New York: Gold was range bound on Wednesday, with gains capped by a firmer dollar as investors awaited further news on US-China relations after President Donald Trump’s State of the Union speech offered little clarity on the trade front.

Uncertainties surrounding Brexit and the threat of another government shutdown in the United States over Trump’s call for a border wall with Mexico kept bullion supported, analysts said.

Spot gold was 0.1 per cent lower at $1,313.39 per ounce at 1047 GMT.

US gold futures were also down 0.1 per cent at $1,317.30 per ounce.

Liquidity remained low with China and several other markets in Asia still closed for the Lunar New Year holiday.

“There is lack of direction in the market and sentiment is neutral. The market wants more clarity on Brexit and the US-China trade front,” said ABN AMRO analyst Georgette Boele.

Gold is likely to be range bound between $1,310 and $1,320 this week with $1,300 as the nearest support level, she added.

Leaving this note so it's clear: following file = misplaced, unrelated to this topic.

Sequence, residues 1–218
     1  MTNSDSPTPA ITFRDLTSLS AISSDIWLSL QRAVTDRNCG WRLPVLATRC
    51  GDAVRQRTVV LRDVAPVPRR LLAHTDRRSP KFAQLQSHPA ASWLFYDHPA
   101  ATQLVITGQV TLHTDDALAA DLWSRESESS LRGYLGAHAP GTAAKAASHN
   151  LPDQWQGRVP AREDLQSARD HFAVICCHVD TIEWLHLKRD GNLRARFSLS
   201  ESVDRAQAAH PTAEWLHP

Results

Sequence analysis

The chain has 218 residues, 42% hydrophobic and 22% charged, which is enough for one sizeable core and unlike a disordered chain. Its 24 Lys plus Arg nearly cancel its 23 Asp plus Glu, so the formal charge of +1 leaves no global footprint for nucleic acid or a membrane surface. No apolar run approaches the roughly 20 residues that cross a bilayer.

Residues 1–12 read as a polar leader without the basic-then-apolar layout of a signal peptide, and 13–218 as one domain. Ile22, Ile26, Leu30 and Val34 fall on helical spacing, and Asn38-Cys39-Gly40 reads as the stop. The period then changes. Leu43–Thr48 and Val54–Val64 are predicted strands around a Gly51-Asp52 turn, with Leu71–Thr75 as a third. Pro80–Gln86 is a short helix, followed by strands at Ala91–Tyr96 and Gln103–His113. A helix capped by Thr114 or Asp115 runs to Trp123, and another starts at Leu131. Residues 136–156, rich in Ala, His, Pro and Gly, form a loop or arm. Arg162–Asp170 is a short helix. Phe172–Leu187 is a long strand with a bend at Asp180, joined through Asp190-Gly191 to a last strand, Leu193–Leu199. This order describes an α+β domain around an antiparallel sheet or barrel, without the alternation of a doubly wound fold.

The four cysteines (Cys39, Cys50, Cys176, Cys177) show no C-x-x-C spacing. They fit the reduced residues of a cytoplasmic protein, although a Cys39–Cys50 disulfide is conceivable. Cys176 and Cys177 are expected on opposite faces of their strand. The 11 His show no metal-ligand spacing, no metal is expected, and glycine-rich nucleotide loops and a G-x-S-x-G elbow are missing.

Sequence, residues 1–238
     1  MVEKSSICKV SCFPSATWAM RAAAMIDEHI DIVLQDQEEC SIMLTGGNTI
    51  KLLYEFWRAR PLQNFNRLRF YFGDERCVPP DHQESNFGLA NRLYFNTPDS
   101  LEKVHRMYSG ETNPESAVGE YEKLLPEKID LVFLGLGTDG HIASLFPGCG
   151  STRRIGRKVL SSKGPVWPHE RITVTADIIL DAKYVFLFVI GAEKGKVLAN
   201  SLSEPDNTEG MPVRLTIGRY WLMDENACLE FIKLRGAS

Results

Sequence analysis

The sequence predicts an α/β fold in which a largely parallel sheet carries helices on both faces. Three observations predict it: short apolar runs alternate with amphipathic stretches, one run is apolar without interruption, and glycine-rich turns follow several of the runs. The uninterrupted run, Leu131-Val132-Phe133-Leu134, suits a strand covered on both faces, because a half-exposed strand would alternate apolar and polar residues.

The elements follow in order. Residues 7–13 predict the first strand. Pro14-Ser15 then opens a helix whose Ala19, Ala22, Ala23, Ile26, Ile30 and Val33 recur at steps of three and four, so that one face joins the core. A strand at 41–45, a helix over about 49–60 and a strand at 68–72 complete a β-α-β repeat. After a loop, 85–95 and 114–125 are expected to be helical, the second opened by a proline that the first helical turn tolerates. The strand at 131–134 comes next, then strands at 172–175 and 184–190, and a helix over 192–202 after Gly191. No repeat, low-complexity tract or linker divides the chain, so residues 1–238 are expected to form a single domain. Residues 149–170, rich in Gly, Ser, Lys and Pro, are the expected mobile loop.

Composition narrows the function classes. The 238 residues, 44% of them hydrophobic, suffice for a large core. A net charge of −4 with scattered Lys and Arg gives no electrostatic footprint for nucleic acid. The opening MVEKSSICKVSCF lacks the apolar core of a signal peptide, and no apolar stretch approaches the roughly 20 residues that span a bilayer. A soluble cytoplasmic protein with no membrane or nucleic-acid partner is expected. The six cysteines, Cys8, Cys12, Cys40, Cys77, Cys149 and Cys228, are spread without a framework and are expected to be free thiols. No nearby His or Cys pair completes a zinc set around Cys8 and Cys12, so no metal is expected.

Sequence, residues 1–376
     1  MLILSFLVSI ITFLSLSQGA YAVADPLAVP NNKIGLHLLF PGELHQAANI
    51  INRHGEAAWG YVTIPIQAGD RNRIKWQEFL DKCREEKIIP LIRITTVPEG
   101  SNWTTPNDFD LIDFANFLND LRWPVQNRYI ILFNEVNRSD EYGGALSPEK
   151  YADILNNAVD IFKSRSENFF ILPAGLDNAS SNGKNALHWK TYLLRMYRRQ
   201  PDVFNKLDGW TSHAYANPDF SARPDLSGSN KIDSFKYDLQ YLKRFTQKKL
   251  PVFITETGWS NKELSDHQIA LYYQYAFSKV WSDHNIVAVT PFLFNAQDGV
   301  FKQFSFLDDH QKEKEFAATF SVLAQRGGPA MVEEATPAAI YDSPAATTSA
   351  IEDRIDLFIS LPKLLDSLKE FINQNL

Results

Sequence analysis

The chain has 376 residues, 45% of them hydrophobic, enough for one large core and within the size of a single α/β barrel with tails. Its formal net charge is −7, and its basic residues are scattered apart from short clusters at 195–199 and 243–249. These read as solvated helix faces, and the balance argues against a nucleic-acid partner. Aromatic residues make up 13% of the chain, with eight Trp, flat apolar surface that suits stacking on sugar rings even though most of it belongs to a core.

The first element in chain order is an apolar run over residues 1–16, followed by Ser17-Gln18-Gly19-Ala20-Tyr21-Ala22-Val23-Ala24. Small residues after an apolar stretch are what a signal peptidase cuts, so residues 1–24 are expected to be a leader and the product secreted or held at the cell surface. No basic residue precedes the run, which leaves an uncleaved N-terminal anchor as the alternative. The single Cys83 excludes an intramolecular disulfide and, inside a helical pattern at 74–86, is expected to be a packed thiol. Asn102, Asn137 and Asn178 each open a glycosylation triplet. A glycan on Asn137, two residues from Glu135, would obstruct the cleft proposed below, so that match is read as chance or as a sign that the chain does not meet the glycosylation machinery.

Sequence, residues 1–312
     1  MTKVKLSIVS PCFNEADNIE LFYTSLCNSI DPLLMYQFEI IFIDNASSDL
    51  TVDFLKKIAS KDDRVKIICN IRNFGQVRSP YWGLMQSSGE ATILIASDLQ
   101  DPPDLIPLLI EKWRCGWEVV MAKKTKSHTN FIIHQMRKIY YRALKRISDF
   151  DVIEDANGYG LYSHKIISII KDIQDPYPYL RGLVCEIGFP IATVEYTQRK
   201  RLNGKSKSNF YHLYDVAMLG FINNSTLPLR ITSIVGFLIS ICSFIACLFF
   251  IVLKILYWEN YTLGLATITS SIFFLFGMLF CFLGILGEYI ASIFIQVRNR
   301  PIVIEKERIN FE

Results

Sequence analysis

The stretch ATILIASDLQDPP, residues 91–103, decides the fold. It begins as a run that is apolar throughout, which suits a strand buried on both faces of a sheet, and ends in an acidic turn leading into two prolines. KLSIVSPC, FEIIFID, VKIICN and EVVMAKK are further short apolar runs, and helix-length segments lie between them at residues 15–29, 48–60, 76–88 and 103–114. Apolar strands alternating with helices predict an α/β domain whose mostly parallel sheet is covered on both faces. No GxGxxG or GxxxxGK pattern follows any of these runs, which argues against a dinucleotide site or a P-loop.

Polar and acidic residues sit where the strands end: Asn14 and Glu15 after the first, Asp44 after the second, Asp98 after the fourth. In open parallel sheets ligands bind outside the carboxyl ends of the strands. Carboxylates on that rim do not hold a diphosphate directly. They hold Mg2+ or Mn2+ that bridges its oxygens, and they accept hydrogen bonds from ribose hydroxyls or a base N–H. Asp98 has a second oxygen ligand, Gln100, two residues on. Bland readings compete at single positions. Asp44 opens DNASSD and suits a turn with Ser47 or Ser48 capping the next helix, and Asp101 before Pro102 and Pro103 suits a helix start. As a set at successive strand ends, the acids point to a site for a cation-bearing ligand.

In his speech on Tuesday, Trump again vowed to build a border wall and said a trade deal was possible with China if Beijing agrees to “real structural change”.

“There was no huge market-related development out of Trump’s speech last night and the dollar has barely changed. Gold is still consolidating above $1,300,” Capital Economics analyst Ross Strachan said.

However, senior US and Chinese officials are poised to start another round of talks in Beijing next week.

Trump has vowed to increase tariffs on $200 billion worth of Chinese imports if the two sides cannot reach a deal by March 2.

The dollar index, which tracks the greenback against a basket of major currencies, was little changed after the US president’s address, standing near a two-week high.

Investors are also keeping a close eye on signals from the US Federal Reserve on its future monetary policy trajectory.

Dallas Fed President Robert Kaplan said the central bank should leave interest rates where they are until the US economic outlook is clearer.

The Fed last week promised to be “patient” with its rate moves due to an impending slowdown and uncertain trade backdrop.

A cut in interest rates would add pressure to the dollar and support the greenback-denominated bullion, making it cheaper for holders of other currencies.

Reflecting the subdued sentiment, holdings in the world’s largest gold-backed exchange-traded fund, SPDR Gold Trust, have fallen for three straight sessions.

Among other precious metals, palladium fell 1 per cent to $1,368.50 per ounce.

Silver was down 0.5 per cent at $15.76 per ounce, and platinum slipped 0.2 per cent, to $814.57 per ounce.